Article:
We have a new tool called Ally available in Eagle Online (Canvas) that allows you to download your instructor’s original course files in different formats that work for your different devices, learning needs, and preferences. Alternative files include readable text for screen readers, pictures with captions, ePubs, easy-to-navigate content, and more. Alternative formats benefit everyone no matter what your learning style is. You don’t have to stick to just one format! Use as many formats as you want, as often as you want. (Download speed will depend on the file size.)
NOTE: Ally does not provide downloads or alternative formats for courses that use third-party publisher content. Contact your professor for additional help with alternative formats for publisher content.
Microsoft Office 365 or Desktop Apps 2019. All students have access to Microsoft Office 365 online through their HCC Student Email. They can work online in any of the applications and save their documents/files to either their personal hard drive or save to their OneDrive in their student email access. If they choose, they can also download the desktop applications to their personal desktop or laptop and use it like they would any other app. The ability to do either gives the student a multitude of ways to use and save Word, Excel, PowerPoint, Access, and OneNote. Microsoft now has new accessibility tools built-in to Word and PowerPoint with Dictate and Immersion Reader tools.
Dragon Speech Recognition – this software allows the user to create and edit documents and E-mail, fill out forms and streamline workflow. Dragon offers complete hands-free use of the PC for users with disabilities – all by speaking! Transform your ideas into text at the speed of thought. Simply speak and watch your words appear on the screen 3x faster than typing by hand, and with up to 99% recognition accuracy. Dictate homework assignments, write a blog, complete your to-do lists with Full Text Control in Microsoft Word®; send email in Microsoft Outlook® or Gmail™. Don’t let typing, touch screen PCs, spelling or the fear of the blank page slow you down. You talk, Dragon types.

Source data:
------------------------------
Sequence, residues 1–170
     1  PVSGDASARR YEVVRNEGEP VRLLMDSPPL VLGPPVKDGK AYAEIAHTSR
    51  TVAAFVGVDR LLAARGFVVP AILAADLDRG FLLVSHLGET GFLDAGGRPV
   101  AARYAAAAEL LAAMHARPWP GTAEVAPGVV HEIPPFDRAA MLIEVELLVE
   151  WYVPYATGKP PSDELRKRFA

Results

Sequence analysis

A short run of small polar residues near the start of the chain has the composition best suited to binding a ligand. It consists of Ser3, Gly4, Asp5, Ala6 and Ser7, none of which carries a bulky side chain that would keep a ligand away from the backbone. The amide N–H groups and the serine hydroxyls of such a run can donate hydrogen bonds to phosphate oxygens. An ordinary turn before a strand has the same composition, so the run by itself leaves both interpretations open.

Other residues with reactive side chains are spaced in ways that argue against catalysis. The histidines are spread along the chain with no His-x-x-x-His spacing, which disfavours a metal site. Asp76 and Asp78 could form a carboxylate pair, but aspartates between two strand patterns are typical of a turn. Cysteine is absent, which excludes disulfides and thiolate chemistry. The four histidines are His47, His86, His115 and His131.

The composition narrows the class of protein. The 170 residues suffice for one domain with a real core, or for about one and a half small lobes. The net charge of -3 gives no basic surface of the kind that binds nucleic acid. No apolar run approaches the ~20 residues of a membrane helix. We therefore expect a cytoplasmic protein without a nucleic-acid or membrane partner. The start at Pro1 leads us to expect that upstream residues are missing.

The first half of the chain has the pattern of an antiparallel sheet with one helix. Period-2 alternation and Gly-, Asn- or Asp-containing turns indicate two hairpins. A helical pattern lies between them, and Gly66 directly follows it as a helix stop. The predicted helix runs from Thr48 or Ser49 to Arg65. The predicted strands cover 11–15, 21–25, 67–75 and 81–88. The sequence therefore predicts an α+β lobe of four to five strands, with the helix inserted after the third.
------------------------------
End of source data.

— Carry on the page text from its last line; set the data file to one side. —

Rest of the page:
You can find Dragon in some computer labs, or check with your ADA Counselor for locations. HCC can not install Dragon on your personal computers.
Microsoft Office 365 - Word, specifically, now has a built-in Dictate that allows you to talk, and Word types for you.
(Note: Microsoft purchased Dragon and has implemented in Microsoft Office 365 Word!)